Carlos Bravo VillaOcean Policy Expert

We call on the international community to show more ambition by tackling the causes of climate change head-on.


There is another world, but it is in this one

 (“Il y a un autre monde, mais il est dans celui-ci”, Paul Éluard)

In recent days and weeks, we have been stunned to see how a strange meteorological phenomenon called “heat dome” is causing temperatures of almost 50 ºC, which is unprecedented in the western US and in Canada. This record-breaking heatwave has already caused the death of several hundred people, power blackouts and wildfires. President Joe Biden has joined scientists in identifying the climate crisis as causing this exceptional heatwave. And the heatwave continues in the Northern hemisphere causing havoc in Nordic countries with record temperatures of 33.6°C recorded in Kevo, Lapland.

The evidence of climate change is mounting day by day, producing ever more extreme effects. Indeed, the CO2 concentration in the atmosphere continues to increase dramatically and consequently the warming of the planet continues to rise substantially. This will lead to a worsening of its consequences, including sea level rise. The United Nations (UN) is warning us that globally we are far from making the necessary efforts to meet the goals of the Paris Agreement. In fact, UN General Secretary, Antonio Guterres, put it right to the point by observing that  ‘we are coming to a point of no return’.

The lack of commitment of a significant number of countries in the fight against the climate emergency beyond mere green rhetoric and lip service to climate change mitigation is frustrating to say the least. One specific example, illustrating the blockade and inactivity of a certain economic sector and by some States is the maritime transport sector. Let’s have a look behind the curtain.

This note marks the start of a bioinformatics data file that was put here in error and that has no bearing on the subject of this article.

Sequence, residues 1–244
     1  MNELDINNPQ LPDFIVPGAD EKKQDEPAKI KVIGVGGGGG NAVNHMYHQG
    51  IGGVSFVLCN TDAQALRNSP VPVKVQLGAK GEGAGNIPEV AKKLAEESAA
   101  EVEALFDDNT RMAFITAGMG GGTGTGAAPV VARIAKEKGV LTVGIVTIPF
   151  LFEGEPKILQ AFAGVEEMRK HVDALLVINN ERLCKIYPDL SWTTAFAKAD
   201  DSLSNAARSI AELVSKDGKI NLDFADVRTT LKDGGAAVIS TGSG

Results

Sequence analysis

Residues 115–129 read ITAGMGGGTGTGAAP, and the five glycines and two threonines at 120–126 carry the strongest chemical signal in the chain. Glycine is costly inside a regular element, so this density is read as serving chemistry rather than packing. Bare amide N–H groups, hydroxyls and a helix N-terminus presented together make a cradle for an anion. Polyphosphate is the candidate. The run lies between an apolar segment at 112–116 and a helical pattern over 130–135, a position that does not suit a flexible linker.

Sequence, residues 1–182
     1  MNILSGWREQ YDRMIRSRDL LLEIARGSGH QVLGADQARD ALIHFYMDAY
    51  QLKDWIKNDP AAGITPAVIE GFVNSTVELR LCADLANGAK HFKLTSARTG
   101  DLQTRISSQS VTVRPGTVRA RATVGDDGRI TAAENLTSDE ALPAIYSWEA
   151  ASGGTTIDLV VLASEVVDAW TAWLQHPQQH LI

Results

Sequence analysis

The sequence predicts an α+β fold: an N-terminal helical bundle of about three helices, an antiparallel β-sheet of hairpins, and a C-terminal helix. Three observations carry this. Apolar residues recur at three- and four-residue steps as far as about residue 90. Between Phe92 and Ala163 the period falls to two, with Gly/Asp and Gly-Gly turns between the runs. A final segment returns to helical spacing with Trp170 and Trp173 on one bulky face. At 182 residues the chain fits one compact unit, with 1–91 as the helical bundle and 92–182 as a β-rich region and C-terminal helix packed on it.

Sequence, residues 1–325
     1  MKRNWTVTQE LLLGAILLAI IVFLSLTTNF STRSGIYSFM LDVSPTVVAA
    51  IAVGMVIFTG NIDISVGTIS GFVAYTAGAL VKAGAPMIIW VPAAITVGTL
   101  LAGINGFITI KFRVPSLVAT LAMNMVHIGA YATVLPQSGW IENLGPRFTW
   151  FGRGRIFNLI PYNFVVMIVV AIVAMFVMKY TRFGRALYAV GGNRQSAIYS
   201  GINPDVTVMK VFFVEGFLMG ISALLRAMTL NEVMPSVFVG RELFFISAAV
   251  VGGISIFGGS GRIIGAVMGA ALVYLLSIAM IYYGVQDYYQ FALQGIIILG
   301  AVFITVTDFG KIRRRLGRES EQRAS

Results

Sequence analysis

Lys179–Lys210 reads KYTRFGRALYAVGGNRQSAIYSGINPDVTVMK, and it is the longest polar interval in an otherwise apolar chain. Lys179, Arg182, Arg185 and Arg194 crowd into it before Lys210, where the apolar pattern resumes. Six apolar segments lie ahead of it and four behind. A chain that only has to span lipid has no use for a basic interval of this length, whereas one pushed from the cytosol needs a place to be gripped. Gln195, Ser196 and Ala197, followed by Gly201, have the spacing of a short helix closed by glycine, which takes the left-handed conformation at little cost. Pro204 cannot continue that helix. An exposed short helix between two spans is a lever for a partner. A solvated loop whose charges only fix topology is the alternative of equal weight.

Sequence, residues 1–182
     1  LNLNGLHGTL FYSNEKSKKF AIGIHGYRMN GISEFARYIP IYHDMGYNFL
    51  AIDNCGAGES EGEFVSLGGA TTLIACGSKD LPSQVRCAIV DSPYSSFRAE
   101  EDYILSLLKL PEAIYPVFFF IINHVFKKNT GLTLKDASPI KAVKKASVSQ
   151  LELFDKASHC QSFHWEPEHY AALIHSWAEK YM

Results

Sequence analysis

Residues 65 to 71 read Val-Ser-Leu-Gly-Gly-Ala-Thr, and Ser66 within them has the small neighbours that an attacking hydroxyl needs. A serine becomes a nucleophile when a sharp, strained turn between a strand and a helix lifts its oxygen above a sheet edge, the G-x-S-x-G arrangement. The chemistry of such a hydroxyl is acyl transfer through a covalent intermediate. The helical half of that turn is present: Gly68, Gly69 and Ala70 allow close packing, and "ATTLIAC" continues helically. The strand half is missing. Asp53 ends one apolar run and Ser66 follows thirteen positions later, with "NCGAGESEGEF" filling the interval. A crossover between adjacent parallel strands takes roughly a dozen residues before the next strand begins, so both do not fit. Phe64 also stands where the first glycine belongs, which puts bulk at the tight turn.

From the 10th to 17th of June OceanCare attended the 76th meeting of the Environmental Protection Committee (MEPC) of the International Maritime Organization (IMO), a United Nations specialized agency whose mission is “to promote safe, secure, environmentally sound, efficient and sustainable shipping through cooperation”.

Throughout the different sessions of MEPC 76, the famous phrase of the French poet, Paul Éluard, “Il y a un autre monde, mais il est dans celui-ci” (There is another world, but it is in this one) inevitably comes to mind. The quote is rather fitting as it perfectly defines the current coexistence of the two different realities at the IMO. A number of countries, including those of the European Union, the UK, Canada, the USA, New Zealand, Marshall Islands, Tuvalu and others, are making constructive proposals to try to achieve significant progress in reducing greenhouse gas emissions (GHG) from shipping. On the other hand, another group of countries such as Argentina, Chile, Brazil, India, Russia, China, Saudi-Arabia and, sadly, many others,have systematically opposed such proposals based on the notion that this would negatively impact their economy. Which begs the question of whether such countries have yet to come to understand that climate change is not a distant thought but rather one of the direst crisis our planet faces. These countries do not seem to understand that inaction or slow action on climate change will inevitably have much higher economic costs or they simply put short-term profit before the future. And even the short-term logic can be disputed in this context.

According to the IMO, international shipping is responsible for 1,056 billion tons of annual GHG emissions. Ranked as emissions per state, the shipping sector as a whole is the sixth largest GHG emitter in the world after China, the United States, India, the Russian Federation and Japan, which are the top five emitting countries in the world (in descending order).

The Initial IMO GHG Strategy, adopted in 2018, aims to peak GHG emissions from international shipping as soon as possible and to then see them decline following the subsequent levels of ambition:

  • Reduction of CO2 emissions per transport work (carbon intensity), as an average across international shipping, by at least 40% by 2030, pursuing efforts towards 70% by 2050, compared to 2008; and
  • For the first time, a reduction of the total annual GHG emissions from international shipping by at least 50% by 2050 compared to 2008, while, at the same time, pursuing efforts towards phasing them out as called for in the IMO Vision, for achieving CO2 emissions reduction consistent with the Paris Agreement goals.
  • As soon as possible in this century: achieve zero GHG emissions.